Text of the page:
It is if we are looking at two pictures of the same thing with similar outlines but contrasting even opposite colours. If one scene were sketched on a transparency and placed over the other many of its lines would disappear. What is the significance of this?

Well the two scenes represent the extremes of human experience. One speaks of nakedness and mockery, suffering and loneliness, torture and death. The other speaks of glorious celebration, companionship, of life in all its fullness. So Jesus at his transfiguration and crucifixion embodies the whole spectrum of human possibility in one person. Perhaps this is one of the reasons why he has always been so attractive and inspiring. He shows forth in his own person both the extreme depths of pain and anguish we can know – and, what we all long for. transformation to a life of, glorious amazing beauty, true companionship with others and complete intimacy with God. Jesus it the great illustration of both pain and hope. At his transfiguration he is humanity transformed and humanity glorified. But he can only transform humanity through his crucifixion as demonstrated by his subsequent resurrection.

This all has two consequences for how we view how we ourselves might be transformed.

First it means that our transformation is a real possibility. Just as Jesus was transfigured so we too can be transformed and in a way which makes a real difference to our lives. The physical reality of the transfiguration means that Jesus’ manifesto is not just words only but a promise of actual change. It means that Jesus’ manifesto is not just a spiritual manifesto – important as the spiritual life is - but a political manifesto where the good news is not just relief from spiritual oppression and spiritual poverty but actual physical oppression and actual physical poverty. It is clear that this manifesto has yet to be realised in its entirety but the reality of the transfiguration demonstrates the possibility.

Secondly seeing the transfiguration in the light of the crucifixion means, I am afraid, that transformation without pain is impossible. Actually we all know this to some degree already. The whole of life is in one sense a process of transformation where we undergo frequent changes – hopefully for the better – but change is always – to some extent at least – painful. John Williams spoke to us – earlier in this sermon series on Luke – about how some of the difficulties in his life and the lives of his family have been transformational, how God had miraculously used these things for good.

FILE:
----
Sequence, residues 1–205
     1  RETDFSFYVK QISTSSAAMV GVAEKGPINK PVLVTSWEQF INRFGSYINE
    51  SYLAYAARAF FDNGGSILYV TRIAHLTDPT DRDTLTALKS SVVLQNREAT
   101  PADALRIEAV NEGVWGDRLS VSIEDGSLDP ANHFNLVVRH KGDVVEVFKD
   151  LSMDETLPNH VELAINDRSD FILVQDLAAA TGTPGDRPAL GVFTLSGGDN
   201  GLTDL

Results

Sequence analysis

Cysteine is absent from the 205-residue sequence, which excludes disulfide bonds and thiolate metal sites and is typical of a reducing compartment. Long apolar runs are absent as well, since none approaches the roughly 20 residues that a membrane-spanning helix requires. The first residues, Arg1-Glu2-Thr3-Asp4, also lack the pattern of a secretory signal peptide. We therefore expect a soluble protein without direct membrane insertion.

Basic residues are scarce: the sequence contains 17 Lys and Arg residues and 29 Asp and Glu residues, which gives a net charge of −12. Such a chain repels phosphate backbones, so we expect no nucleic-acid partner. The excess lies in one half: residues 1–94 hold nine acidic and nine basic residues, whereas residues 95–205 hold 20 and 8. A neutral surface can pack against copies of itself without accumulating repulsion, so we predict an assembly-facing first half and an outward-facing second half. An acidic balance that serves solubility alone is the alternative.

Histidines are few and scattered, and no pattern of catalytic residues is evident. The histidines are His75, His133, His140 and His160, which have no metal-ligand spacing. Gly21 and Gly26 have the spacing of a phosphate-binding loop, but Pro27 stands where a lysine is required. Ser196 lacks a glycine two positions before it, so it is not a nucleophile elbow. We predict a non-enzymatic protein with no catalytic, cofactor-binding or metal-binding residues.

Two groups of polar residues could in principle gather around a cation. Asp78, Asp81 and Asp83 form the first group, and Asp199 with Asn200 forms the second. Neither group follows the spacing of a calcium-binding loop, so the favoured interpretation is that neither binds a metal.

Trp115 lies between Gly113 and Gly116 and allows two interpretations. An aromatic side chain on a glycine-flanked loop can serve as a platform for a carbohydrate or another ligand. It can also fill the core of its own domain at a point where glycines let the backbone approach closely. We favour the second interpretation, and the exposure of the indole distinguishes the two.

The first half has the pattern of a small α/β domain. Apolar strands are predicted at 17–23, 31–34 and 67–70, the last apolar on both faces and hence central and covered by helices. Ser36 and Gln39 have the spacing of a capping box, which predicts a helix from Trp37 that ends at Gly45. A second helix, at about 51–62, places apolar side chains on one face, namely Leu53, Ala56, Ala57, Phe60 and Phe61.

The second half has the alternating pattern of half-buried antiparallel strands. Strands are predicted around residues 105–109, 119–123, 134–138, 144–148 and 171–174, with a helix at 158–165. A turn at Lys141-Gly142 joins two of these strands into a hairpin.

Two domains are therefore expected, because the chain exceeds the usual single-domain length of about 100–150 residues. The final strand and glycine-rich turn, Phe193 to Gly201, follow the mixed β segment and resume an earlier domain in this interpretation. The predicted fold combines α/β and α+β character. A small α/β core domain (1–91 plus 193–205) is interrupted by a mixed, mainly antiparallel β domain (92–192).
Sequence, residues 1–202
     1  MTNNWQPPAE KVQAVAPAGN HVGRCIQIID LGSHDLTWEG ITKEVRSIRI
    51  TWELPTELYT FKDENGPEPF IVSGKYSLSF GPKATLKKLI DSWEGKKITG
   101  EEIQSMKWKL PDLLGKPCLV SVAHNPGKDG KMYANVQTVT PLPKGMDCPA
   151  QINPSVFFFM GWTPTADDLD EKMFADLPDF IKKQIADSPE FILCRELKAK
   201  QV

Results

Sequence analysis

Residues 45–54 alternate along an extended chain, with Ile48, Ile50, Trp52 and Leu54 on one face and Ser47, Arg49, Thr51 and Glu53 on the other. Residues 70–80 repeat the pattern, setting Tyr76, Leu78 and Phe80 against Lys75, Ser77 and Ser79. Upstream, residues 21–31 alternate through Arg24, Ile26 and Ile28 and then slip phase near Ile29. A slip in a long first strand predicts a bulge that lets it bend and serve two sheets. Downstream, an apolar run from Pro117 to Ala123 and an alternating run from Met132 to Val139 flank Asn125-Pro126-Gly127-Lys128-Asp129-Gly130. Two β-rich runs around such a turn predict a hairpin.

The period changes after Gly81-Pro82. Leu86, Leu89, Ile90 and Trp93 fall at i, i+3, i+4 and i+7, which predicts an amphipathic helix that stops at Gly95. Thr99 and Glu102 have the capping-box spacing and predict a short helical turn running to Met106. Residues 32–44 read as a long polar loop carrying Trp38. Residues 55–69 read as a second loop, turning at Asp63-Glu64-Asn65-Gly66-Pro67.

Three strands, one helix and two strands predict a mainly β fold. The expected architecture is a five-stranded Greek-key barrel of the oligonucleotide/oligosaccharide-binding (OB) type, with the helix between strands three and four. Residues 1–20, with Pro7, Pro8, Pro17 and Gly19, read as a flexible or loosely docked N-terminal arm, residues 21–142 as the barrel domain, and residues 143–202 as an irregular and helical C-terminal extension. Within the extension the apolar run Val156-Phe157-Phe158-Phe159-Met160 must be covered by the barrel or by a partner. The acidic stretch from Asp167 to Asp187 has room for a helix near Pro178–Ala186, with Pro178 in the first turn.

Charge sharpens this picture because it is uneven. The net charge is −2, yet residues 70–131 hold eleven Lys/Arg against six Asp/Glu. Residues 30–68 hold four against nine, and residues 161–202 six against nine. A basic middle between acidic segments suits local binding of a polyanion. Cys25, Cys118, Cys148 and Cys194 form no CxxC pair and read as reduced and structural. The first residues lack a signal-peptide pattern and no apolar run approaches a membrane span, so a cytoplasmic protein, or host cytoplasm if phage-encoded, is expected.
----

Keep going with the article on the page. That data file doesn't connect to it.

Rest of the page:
In the crucifixion we have both the example par excellence of how good can come out of suffering but also the promise that good will come out of suffering. The crucifixion and resurrection change everything. Here finally are some words from the author Michael Willson: ‘The cross is not a rescue like the Exodus from an evil situation but salvation in and through a evil situation, first confronting it, then bearing it, then transforming it. It is as if evil is the raw material out of which new life is forged. The news of the gospel is not moral perfection nor sinlessness, it is forgiveness.’ Through forgiveness and love evil is reversed and can be changed into good. ‘Jesus is less interested in the causes of evil but in its transformation’.

Before we sing our response song let us pray. I’ve adapted these prayers from the prayers at the end of the chapter on Transformation from this book: Grain in Winter by Donald Eadie – which also contains the quote from Michael Wilson.

Jesus show us your glory – as you did to your disciples at your transfiguration.

But also show us your cross. Jesus, in your crucifixion we catch a glimpse of the terrible travail at the heart of all life, but also that evil is reversible, evil can be changed into good, principalities and powers can be transformed though forgiveness and love.

Help us to see the deeply rooted evil in the created order has not only to be named but transformed.

Lead us into those paths that will lead to the transforming of nations, communities and ourselves.

Jesus, we stumble in the dark, you are the light of our darkness, transform us.


  1. lol.. do you know how to put links in with Blogger?

  2. No. I know you told me once but I've forgotten. Remind me.

  3. In this case just highlight the text that you want to send the reader through to the link, eg Lesley's Blog and then press 'link' and a box will come up where you put the URL in..